Indian-origin Attorney General Suella Braverman was eliminated from the race for failing to get the minimum 30 votes required.
While Sunak seems to be doing pretty well at the moment, he does not fare too well head-to-head with Penny Mordaunt, according to a new poll conducted within the Conservative Party members taken immediately after the announcement of the final candidates earlier this week.
However, even as the Indian-origin MP still continues to be a top contender for the PM post, he is no stranger to controversy. Here are some of the things that he'd have not liked to be in the news for.
To Invest or To Disinvest in Russia?
"Practise what you preach," the old saying goes. Rishi Sunak might not be someone who abides by that.
On one hand, due to the invasion of Ukraine, he called on British firms to stop investing in Russia, and praised the decisions of energy companies like BP and Shell to pull out, along with the investment firms Aviva, M&G and Vanguard, for doing the same.
"I am urging firms to think very carefully about their investments in Russia and how they may aid the Putin regime – and I am also clear that there is no case for new investment in Russia. We must collectively go further in our mission to inflict maximum economic pain – and to stop further bloodshed," he had said in March earlier this year.
On the other hand, his wife, Akshata Murthy, daughter of Infosys founded Narayana Murthy, has been accused of collecting "bloody money" in dividends from the company that has refused to exit Russia after the attack on Ukraine.
A spokesperson for Sunak has argued that neither Murthy nor any family members "have any involvement in the operational decisions of the company." It, nevertheless, goes against the very spirit of Sunak's preaching when it comes to inflicting "maximum economic pain" on Putin's regime, especially at a time when other big firms like McKinsey, Accenture, and KPMG have exited Russia because of the war.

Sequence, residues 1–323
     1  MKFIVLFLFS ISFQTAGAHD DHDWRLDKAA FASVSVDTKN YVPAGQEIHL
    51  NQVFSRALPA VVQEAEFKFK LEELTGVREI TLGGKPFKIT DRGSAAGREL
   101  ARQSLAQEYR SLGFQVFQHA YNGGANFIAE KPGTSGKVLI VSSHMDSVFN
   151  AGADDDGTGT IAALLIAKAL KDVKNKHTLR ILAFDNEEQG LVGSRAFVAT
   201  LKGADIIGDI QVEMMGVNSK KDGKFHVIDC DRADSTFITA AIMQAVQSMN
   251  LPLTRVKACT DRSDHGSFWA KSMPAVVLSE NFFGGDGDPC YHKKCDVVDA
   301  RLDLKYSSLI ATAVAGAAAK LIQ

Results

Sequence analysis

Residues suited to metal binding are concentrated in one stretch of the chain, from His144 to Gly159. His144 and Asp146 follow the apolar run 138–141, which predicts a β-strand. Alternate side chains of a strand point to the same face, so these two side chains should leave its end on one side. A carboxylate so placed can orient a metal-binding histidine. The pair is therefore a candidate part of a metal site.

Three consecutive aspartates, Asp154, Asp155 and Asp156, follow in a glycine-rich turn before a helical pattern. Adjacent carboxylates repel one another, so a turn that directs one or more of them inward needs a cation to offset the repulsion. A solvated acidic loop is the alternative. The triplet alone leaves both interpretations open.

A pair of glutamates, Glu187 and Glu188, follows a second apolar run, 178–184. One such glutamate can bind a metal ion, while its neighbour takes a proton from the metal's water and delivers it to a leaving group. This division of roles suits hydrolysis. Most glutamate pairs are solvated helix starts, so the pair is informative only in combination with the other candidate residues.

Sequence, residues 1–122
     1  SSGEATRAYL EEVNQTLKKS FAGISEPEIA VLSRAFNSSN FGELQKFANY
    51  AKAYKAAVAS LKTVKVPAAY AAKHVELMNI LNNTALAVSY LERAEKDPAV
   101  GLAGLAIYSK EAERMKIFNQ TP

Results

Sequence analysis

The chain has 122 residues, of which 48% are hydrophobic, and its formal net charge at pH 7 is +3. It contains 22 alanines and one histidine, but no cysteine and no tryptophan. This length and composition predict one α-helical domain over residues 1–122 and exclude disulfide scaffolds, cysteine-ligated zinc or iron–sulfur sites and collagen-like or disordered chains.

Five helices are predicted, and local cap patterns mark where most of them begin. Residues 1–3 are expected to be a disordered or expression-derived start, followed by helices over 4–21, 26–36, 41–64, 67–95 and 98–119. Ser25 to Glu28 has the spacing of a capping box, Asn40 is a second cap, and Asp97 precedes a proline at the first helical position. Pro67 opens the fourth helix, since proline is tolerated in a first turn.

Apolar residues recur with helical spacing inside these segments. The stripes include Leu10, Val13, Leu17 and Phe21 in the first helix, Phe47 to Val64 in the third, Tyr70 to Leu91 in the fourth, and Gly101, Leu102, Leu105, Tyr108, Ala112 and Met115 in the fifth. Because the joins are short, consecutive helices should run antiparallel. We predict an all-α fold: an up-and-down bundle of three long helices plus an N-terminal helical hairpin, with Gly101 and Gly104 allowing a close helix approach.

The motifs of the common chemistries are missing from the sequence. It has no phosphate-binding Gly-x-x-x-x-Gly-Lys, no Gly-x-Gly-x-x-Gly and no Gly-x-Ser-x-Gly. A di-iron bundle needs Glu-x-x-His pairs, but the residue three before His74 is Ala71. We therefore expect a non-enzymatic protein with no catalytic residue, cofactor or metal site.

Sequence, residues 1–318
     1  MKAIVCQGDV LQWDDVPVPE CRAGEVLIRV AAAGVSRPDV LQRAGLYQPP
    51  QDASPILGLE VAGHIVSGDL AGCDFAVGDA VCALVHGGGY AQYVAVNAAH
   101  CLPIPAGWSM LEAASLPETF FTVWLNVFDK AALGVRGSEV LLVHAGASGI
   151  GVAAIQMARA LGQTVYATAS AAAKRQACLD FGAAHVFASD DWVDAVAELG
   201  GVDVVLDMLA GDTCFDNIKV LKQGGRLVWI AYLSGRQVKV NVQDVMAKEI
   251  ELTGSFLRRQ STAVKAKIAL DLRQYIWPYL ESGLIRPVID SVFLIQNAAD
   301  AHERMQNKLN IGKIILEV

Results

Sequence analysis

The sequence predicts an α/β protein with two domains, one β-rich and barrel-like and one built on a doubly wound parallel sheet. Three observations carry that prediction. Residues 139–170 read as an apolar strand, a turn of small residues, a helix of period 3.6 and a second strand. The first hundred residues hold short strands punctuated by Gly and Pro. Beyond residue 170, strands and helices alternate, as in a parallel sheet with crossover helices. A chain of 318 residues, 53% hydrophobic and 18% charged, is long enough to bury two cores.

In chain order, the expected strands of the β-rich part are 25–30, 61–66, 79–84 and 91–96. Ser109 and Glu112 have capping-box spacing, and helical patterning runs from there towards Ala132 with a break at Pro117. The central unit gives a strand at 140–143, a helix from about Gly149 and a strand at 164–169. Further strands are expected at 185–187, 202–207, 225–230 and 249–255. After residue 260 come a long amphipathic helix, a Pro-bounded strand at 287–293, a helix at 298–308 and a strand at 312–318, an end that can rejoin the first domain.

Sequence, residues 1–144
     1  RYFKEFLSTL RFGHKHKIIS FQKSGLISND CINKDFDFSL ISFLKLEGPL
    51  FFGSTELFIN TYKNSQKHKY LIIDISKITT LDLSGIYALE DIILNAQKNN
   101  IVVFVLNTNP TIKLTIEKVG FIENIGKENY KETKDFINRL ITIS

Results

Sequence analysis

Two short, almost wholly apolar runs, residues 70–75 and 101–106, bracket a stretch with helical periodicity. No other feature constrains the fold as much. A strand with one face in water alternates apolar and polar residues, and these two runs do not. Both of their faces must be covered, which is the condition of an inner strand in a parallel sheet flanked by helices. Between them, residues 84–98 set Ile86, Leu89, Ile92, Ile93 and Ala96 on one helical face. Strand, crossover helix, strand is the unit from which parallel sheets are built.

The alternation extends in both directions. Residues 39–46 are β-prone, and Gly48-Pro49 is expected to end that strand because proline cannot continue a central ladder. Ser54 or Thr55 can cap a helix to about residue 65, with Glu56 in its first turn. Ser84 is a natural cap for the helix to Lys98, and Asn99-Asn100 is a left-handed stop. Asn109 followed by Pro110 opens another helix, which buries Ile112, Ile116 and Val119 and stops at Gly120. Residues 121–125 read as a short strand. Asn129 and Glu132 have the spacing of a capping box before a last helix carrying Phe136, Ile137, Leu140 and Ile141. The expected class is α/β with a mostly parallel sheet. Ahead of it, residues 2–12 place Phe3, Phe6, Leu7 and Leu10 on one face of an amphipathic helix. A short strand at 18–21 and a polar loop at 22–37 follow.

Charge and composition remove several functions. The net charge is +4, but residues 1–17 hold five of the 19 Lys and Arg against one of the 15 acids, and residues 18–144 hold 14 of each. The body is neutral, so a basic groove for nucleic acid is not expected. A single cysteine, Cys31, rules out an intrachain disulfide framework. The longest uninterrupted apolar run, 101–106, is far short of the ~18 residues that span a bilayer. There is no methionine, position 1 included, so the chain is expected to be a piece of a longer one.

Speaking of Akshata Murthy, she reportedly pays £30,000 a year to maintain her non-domicile status, which allows her to avoid paying up to £20 million in tax to the British government.
The revelation created a storm for the former Chancellor, given that he recently raised the tax amount for millions of British people.
The TCI Controversy
Rishi Sunak worked with hedge funds back in London, and was a partner at The Children's Investment Fund (TCI), by which he reportedly made millions of pounds from a campaign that contributed to the 2008 financial crisis.
TCI launched a campaign against the Dutch bank ABN Amro that led to its acquisition by a consortium made up of Fortis Bank, Royal Bank of Scotland (RBS), and Banco Santander. "His role in TCI between 2006-2009 made him a millionaire in his mid-twenties," The Times reported.
"Rishi Sunak was part of a small team of hedge fund bosses who shared nearly £100m after an audacious stock market bet that lit the touchpaper on the 2008 financial crisis," the introduction to the report read.
Sunak Doesn't Have 'Working Class Friends'
"I have friends who are aristocrats, I have friends who are upper-class, I have friends who are, you know, working-class," a 21-year-old Sunak, can be heard saying in a 20019 BBC documentary in 2001.
Then, he goes on to correct himself straightaway.
"Well, not working-class," he clarifies.
The video, shared by Kathryn Franklin from Huddersfield in the United Kingsom, has gathered over three million views.